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The red gold of Azilal: How thyme and saffron empower women in Morocco's High Atlas

© Mohammad Amiri/Unsplash

Fatima Amaguar came home from university with an idea. She knew the women in her home province of Azilal, a rural community of 10,000 in Morocco’s High Atlas Mountains, struggled to find employment outside the home due to social and cultural pressures. But, she believed, a solution was literally right at their fingertips. In 2016, she founded a cooperative called Amagar and got to work.

Amagar’s story began with a group of five women picking thyme in the forest. Although this practice had existed for a long time, it was done casually and sporadically, often in a way that uprooted the thyme plant. Fatima’s cooperative taught the women how to harvest the thyme without damaging the plant and how to dry and preserve the picked leaves. This also allowed them to pick the thyme more efficiently, without interfering with their household duties. Fatima then purchased the dried thyme from them and resold it at the markets of Marrakesh. It was the first time those five women had ever received an income.

Word travelled fast among the village women. By 2018, in only its third year of operation, Amagar had grown into a 122-member-strong agricultural cooperative. And the reason for its popularity was clear: in 2018 alone, Amagar’s sales of thyme generated a turnover of 620,000 Moroccan dirhams – approximately 60,000 euros.

“In the beginning it was difficult for women to obtain the authorization of [their] husbands to join the cooperative because of the very conservative cultural environment,” Fatima says. “But the evidence of the income generated from the activity defeated their initial mistrust!”

© PDRZM - Two members of Amagar at work with their seedlings.

Yet the thyme business is highly seasonal, generating only one month of work per year. Fatima was determined to bring the women of Azilal a steady source of income. And so, beginning in 2017, the small group that had kick-started the cooperative decided to introduce saffron. The region’s climatic conditions are ideal for this type of crop, and because it requires only small plots of land, it is easy for women to grow at home. And at a price of about 4 euros per gram, saffron cultivation is a highly lucrative activity as well. Little wonder, then, that it is commonly known as the “Red Gold of Azilal”.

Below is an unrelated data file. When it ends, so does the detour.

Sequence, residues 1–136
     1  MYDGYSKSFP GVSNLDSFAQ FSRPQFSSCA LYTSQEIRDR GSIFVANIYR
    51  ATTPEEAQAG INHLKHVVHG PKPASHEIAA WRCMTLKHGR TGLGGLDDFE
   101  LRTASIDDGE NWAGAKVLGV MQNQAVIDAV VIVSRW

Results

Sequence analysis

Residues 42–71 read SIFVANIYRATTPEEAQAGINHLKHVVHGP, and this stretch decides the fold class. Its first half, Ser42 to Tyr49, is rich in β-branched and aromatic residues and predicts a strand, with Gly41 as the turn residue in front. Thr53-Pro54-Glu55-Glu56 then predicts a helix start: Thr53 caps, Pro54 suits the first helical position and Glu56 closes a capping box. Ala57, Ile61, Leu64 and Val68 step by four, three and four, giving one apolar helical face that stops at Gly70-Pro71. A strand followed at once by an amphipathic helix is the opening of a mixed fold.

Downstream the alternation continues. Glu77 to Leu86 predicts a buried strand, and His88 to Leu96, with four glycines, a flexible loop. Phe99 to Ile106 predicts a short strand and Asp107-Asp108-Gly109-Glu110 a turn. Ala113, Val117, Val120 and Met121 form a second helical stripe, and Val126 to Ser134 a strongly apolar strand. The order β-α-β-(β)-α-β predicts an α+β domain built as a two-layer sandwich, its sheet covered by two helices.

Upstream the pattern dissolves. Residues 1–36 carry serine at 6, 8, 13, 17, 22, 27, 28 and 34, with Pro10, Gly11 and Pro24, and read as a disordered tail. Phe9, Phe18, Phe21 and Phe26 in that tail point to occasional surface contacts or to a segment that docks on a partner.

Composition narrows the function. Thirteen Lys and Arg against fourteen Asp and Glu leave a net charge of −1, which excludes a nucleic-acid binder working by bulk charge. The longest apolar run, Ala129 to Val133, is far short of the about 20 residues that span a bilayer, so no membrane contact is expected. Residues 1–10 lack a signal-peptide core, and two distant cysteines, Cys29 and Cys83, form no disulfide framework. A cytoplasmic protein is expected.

But to get their saffron business going, they needed to scale up – and that’s where IFAD came in. In 2018, Amagar applied to the IFAD-funded Rural Development Programme in the Mountain Zones (PDRZM). The funds they received allowed them to purchase 19 tonnes of saffron bulbs, helping them expand their operations. PDRZM’s help didn’t stop there. The members of Amagar also benefited from an IFAD-supported training programme on business administration that allowed Fatima and her colleagues to manage the cooperative more efficiently. Before, Fatima says, they “had no idea how accounting worked, or how to make it through the necessary bureaucracy”. But through this IFAD-funded initiative, the women of Azilal developed into agricultural entrepreneurs.

Their newfound expertise soon paid off. In 2018, their first year of cultivating saffron, Amagar sold 15.5 tonnes for a total of 542,000 dirhams – about 50,000 euros.

Building on this success, the cooperative has continued scaling up its activities. Fatima and her colleagues have recently begun growing aromatic plants and producing essential oils. Inspired by Fatima’s experience, Azilal’s Regional Council has decided to expand saffron production to another 14 rural municipalities. The members of Fatima’s cooperative are now training these new municipalities in saffron cultivation.

Fatima’s cooperative is not only about producing and selling agricultural goods. She has always intended for her cooperative to have a strong social impact in her community. PDRZM was able to help with this, too, providing a set of capacity-building activities specifically targeting women. Amagar has also begun pooling its membership fees into a social fund for its members, which has allowed them to purchase school supplies and set up summer camps for their children.

“It is very important to invest in children’s education, as they represent the future of the community,” Fatima explained. “It is also important to prove [to] men that the whole family and the whole community can benefit from the work of women.”

Despite Amagar’s enormous success, the collective still faces several challenges. Currently, they are working towards achieving certified organic status for their saffron, which will help it find even wider markets both at home and abroad. They are also seeking further training in areas such as quality standards, packaging and marketing.

Nevertheless, they have proven that gender-equitable and gender-transformative opportunities can benefit all members of a community. With continued investment, the Red Gold of Azilal can enrich the province’s communities for years to come – and IFAD hopes to be there every step of the way.

 

Learn more about IFAD’s work in Morocco.